Recent News

New England Cottontails in NH Studied With Genetic Monitoring

As conservationists create hundreds of acres of young forest each year to provide food and cover for New England cottontails, it’s becoming increasingly clear that humans will need to help these native rabbits find and occupy new areas. One way to do that – and to boost numbers and health of small populations that already exist in the species’ six-state range – is to release captive-bred rabbits into habitat sites.

Burning Wood Can Be a Clean Source of Power

New study shows high demand for biomass power could lead to better forest management.

By Jess Shankleman for Bloomberg Green

Burning large amounts of wood from forests can cut greenhouse gas pollution—but only alongside policies that encourage new trees to quickly absorb carbon dioxide.

Ruffed Grouse Decline Linked to Loss of Young Forest

By Ad Crable in Bay Journal

(While this report focuses on states in the Chesapeake Bay drainage, it also applies to New England and other parts of the East. The following is a condensation of a longer article.)

The ruffed grouse, a strikingly beautiful bird that symbolizes wildness, is in trouble across its native range, including states in the Chesapeake Bay drainage.

Saving Maine’s Endangered Wildlife a “Complex Dance”

By Aislinn Sarnacki, Bangor Daily News

Maine is home to 51 animals that are currently listed as Endangered or Threatened by the state or federal government. On that list, you’ll find the puffin, the New England cottontail rabbit, the spotted turtle and a fish called a swamp darter — just to name a few.

Partners Review Progress in NEC Restoration

By Charles Fergus, in WMI’s Outdoor News Bulletin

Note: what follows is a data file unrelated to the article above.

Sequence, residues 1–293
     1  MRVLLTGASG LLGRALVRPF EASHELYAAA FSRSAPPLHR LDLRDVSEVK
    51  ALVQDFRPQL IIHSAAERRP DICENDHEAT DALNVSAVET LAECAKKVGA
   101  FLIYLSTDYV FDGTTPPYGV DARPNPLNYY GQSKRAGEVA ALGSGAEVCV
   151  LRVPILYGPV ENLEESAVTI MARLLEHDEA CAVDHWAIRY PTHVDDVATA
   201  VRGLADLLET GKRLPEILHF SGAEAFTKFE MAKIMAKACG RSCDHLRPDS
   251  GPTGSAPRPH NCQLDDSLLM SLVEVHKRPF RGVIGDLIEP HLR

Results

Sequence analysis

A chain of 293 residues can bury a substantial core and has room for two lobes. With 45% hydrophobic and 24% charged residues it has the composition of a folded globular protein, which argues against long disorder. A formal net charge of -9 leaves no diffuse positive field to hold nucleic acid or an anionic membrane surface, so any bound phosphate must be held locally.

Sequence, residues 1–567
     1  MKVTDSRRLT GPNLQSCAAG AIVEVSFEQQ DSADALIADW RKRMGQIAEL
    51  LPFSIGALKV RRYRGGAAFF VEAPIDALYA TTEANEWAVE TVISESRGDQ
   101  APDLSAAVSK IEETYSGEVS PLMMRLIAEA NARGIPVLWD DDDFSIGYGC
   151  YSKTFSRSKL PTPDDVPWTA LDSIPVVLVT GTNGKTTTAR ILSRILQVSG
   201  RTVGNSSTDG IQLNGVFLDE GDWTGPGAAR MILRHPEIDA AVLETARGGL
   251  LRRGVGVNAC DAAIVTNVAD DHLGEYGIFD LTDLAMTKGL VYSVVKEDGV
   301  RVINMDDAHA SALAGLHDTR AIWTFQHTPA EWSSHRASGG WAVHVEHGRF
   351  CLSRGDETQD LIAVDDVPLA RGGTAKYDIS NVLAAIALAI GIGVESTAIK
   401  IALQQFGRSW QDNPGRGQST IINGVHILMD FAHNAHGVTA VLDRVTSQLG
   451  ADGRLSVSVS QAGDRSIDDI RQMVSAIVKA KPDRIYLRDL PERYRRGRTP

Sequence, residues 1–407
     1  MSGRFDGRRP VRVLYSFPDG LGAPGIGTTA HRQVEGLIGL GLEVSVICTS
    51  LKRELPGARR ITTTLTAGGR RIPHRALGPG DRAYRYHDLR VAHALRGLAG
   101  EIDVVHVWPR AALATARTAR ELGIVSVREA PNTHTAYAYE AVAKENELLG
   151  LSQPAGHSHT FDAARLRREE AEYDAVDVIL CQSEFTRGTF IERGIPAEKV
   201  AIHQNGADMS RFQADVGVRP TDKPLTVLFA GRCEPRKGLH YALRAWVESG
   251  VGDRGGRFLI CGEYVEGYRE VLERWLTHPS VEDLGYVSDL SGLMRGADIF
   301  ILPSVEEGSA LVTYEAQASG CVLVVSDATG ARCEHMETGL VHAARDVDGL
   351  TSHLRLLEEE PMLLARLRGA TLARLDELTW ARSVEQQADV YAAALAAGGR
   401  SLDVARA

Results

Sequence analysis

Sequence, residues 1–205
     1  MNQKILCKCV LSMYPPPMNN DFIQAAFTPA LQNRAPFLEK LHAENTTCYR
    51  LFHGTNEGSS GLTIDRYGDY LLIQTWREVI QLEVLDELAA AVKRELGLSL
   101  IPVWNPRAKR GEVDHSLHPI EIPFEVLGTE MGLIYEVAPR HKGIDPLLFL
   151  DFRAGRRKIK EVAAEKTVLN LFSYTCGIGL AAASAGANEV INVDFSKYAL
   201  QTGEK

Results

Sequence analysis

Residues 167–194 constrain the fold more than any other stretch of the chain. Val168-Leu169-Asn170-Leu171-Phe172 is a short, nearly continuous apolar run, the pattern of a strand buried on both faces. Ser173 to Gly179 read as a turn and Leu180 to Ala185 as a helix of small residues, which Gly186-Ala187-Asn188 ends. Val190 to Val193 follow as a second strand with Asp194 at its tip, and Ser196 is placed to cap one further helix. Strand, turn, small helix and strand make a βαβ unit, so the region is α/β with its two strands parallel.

Scientists, foresters, and communications specialists from Maine, New Hampshire, Massachusetts, Rhode Island, New York, and Connecticut joined with colleagues from the USDA Natural Resources Conservation Service, the U.S. Fish and Wildlife Service (USFWS), and the Wildlife Management Institute at the annual New England Cottontail Technical Committee meeting.

A Clear-Cut Discovery in MA – Uncommon Cottontails!

This article is reprinted with the permission of MassWildlife magazine. At the bottom of this webpage, readers can download a PDF of the article as it appeared in the magazine.

Faces of Conservation

Jim Kelly actively manages his family’s forests and fields in Sheffield, in western Massachusette. His goal has been to improve forest habitat while providing for forest products, reducing dependence on fossil fuels, and enhancing habitat for wildlife.

How Thoughtful Forestry Can Help Birds

By Michael Mauri in the Greenfield Recorder

A recent study in the journal Science documented a huge decline in birds across the U.S. and Canada (the study and related materials are at the Cornell Lab of Ornithology website).

According to the comprehensive study, our overall bird population has declined by nearly a third since 1970 — an estimated loss of three billion birds!

New York Birds At Risk From Climate Change

By Rick Karlin, Albany Times Union

Having good habitat in correct places may help wildlife resist some negative impacts of climate change

ALBANY – Hundreds of bird species face long-term extinction if their habitats continue to grow warmer, according to the National Audubon Society, which recently released a report outlining projections of global warming in future decades if no action is taken to contain it.

Young Forest on Private Lands Helps Bring Back Kirtland’s Warbler

From the Iosco County News-Herald

Habitat created by private landowners is key to bringing back beleaguered species such as Kirtland's warbler and New England cottontail

LANSING – Bird enthusiasts from around the world travel to northern Michigan in hopes of catching sight of a Kirtland’s warbler, a small songbird once poised on the brink of extinction.

Online Tool May Help Wildlife Population Recovery Efforts

By Lauren Cahoon Roberts, Cornell Chronicle

It’s a common sight in the Northeast: Flocks of wild turkeys strutting across the road, frustrating commuters. But this wasn’t always the case.

Less than a century ago, eastern wild turkeys had been nearly eliminated from the Northeast, requiring careful planning by wildlife ecologists to reestablish them in their natural habitat. The effort took decades.